Defense

Army looks to tap civilian talent for cyber force

Shutterstock imag (by Benjamin Haas): cyber coded team. 

The Army has a possible solution to solve its need for more cyber forces – training private sector techies to serve as lieutenants in cyber operations.

U.S. Army Cyber Command launched a pilot program to recruit tech workers with academic and applied technical experience into its Cyber Direct Commissioning Program and develop tools and devices for the Cyber Mission Force.

The program, which was officially authorized Nov. 27, will put selected applicants through a total of 16 weeks of training before being assigned to technical roles in 14 different skill areas currently lacking in the cyber force, such as development and software operations, security engineers, software designers and engineers, and product managers.

The direct commissioning program pilot is scheduled to run for five years, and bring on five officers per year to report at either Ft. Meade, Md., or Ft. Gordon, Ga., Army Cyber Commander Lt. Gen. Paul Nakasone said during a media roundtable Tuesday.

The program is a fast-track process that broadens some of the Army's requirements and removes barriers to entry. For example, applicants must be under 41 compared to 32 for OCS, and can skip the traditional basic and combat training requirements, but they must be able to pass a physical and meet basic fitness standards.

It's a somewhat expedited form of the Army's Officer Candidate School, which requires nine weeks of basic training, 12 weeks of tactical and combat training, but doesn't guarantee candidates placement in cyber operations.

Instead, applicants are sent to Ft. Sill for four weeks of direct commissioned officer training and 12 weeks of condensed cyber basic officer leader course, which is traditionally 37 weeks. Once selected for training following a successful interview, the applicants become first lieutenants in the Army Reserve and graduate to active-duty second lieutenants after completing the four-week direct commissioning course.

Maj. Gen. Patricia Frost, the cyber director for the Army's Office of the Deputy Chief of Staff, emphasized that applicants need to be ready to start building their tools from scratch.

"It is okay to be innovative and not have been successful. So bringing in an individual who has tried to be very innovative in this space and looking at capability development, that's why the interview is so important," Frost said. "It's not that [the applicant] has to have a patent or something…it's showing that potential and that drive and that energy to want to be comfortable with that blank sheet of paper."

Security clearance backlogs and actually luring tech workers from high-paying private industry jobs could be obstacles for operationalizing the Army pilot program.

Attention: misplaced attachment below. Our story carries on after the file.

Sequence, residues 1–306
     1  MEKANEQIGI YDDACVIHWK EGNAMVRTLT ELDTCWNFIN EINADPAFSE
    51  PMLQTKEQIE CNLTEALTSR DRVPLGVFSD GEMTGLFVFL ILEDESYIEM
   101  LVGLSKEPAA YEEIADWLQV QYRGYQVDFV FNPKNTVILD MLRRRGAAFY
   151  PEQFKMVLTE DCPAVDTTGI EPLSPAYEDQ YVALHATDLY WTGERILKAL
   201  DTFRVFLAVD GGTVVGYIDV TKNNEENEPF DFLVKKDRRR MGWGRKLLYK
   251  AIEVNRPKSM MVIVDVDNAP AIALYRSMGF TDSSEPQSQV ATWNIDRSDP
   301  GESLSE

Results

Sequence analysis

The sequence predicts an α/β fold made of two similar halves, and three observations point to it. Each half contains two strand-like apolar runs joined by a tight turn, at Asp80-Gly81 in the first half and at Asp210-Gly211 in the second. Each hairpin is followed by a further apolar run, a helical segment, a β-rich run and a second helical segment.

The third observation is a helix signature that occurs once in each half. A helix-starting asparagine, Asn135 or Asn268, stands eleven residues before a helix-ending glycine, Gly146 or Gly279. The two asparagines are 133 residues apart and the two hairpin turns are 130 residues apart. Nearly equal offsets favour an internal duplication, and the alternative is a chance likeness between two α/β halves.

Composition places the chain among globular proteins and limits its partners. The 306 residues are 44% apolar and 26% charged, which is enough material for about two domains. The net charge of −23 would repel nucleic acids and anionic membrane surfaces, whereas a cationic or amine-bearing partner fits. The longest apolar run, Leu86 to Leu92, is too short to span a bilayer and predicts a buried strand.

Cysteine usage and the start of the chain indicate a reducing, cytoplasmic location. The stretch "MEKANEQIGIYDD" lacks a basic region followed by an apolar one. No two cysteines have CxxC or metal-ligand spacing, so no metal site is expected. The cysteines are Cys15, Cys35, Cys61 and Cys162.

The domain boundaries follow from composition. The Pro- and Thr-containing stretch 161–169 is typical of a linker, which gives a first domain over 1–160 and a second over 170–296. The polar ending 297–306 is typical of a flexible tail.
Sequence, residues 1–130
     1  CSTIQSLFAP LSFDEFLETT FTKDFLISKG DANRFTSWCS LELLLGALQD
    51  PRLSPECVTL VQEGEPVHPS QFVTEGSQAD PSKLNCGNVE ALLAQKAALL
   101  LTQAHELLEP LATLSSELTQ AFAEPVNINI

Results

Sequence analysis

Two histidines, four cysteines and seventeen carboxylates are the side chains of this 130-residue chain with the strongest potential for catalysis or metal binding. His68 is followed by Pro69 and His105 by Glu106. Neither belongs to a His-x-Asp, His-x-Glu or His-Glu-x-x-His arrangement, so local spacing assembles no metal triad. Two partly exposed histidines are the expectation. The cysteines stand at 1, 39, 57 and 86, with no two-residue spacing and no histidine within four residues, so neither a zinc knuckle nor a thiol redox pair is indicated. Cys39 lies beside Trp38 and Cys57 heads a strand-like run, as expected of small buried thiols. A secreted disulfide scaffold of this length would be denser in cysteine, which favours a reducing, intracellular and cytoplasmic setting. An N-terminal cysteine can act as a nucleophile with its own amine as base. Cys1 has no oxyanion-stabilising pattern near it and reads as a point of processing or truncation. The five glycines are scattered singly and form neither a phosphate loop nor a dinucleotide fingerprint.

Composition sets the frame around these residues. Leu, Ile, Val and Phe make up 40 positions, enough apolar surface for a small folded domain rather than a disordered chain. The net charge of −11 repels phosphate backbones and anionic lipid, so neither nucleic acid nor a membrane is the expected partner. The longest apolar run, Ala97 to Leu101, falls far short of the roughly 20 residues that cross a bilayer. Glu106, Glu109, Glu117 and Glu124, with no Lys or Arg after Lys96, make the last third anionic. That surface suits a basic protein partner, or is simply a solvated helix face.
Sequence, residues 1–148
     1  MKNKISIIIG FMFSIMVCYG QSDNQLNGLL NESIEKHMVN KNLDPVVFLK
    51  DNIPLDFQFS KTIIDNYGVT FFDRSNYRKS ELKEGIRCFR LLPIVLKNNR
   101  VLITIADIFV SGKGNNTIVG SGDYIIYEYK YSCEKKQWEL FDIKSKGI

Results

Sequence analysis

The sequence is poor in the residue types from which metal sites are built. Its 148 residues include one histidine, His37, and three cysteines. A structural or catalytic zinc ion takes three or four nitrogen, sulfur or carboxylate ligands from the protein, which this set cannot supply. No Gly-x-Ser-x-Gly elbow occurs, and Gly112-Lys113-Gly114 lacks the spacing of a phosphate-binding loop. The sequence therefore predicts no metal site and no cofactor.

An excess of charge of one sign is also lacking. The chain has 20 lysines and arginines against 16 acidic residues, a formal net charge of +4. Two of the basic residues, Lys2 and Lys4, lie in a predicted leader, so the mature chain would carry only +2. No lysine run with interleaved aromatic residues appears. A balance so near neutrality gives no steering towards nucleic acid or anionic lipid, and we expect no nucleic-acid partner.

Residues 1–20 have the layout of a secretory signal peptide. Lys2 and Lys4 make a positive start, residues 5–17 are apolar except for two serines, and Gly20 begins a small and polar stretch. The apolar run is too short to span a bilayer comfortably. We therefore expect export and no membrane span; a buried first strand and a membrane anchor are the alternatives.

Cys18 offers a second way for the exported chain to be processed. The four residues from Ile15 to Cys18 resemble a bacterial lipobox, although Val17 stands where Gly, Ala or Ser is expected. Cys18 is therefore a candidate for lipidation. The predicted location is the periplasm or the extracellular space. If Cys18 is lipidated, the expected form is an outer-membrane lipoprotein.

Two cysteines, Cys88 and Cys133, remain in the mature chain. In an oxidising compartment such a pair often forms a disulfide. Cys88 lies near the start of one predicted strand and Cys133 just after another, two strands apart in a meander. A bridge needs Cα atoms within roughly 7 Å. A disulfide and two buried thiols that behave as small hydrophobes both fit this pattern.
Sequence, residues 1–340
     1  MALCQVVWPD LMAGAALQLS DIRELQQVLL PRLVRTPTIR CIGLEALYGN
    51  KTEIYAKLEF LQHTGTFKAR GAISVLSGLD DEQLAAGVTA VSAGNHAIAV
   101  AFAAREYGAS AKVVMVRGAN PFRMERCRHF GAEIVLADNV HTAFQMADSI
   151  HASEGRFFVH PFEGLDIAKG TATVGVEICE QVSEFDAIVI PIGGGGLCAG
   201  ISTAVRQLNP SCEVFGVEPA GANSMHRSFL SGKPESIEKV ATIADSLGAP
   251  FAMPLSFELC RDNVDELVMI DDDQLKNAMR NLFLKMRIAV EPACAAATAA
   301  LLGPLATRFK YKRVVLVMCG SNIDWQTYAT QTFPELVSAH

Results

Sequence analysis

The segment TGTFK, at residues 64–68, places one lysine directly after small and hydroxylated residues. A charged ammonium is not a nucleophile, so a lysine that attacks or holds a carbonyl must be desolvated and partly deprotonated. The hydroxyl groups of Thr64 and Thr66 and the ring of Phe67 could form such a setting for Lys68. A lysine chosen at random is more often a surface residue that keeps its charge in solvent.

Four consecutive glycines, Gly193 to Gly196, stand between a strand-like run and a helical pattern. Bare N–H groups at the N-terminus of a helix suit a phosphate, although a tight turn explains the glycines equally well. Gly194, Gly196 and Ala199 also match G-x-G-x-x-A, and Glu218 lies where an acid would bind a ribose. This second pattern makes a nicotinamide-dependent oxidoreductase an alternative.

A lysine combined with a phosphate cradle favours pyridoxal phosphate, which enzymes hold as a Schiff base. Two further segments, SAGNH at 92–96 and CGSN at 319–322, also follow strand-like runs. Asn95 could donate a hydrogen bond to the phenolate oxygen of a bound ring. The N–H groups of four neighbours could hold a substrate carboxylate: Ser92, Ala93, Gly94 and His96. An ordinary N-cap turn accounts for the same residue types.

Applicants must be able to obtain top secret clearances, something that Frost and Nakasone said is addressed during the interview process. But Nakasone and Frost stressed that successful applicants' clearances would be prioritized and expedited over the current security clearance backlog of more than 700,000 applications, making it possible for cyber officer candidates to report for duty in as little as four to five months from initial application.

"We don't want them sitting there in a backlog from a security clearance issue; we want to put them to work," Frost said. "That's why that interview up front is really critical to know they meet the qualifications."

Frost acknowledged the talent pool the Army was looking to pick from was small, saying only 29 percent of the U.S. population is fit to serve in the Army -- with the unique technical capabilities required for this program whittling down the pool from there. But the Army is betting the opportunity to fight the world's best hackers will be just what some tech workers need.

"I think the most important attraction is: If you want to go against the best in the world, come join us," Nakasone said. "Because you won't do that necessarily in another field." He added that some special pay considerations could be made, but that compensation won't be the main attraction.

"This is just a new way of doing business," he said.

Army Cyber is expected to convene its first board within the next month to begin selecting eligible applicants to go through the officer training, Nakasone said, adding that he anticipates having the first direct cyber commissioned class by February.

About the Author

Lauren C. Williams is a staff writer at FCW covering defense and cybersecurity.

Prior to joining FCW, Williams was the tech reporter for ThinkProgress, where she covered everything from internet culture to national security issues. In past positions, Williams covered health care, politics and crime for various publications, including The Seattle Times.

Williams graduated with a master's in journalism from the University of Maryland, College Park and a bachelor's in dietetics from the University of Delaware. She can be contacted at lwilliams@fcw.com, or follow her on Twitter @lalaurenista.

Click here for previous articles by Wiliams.


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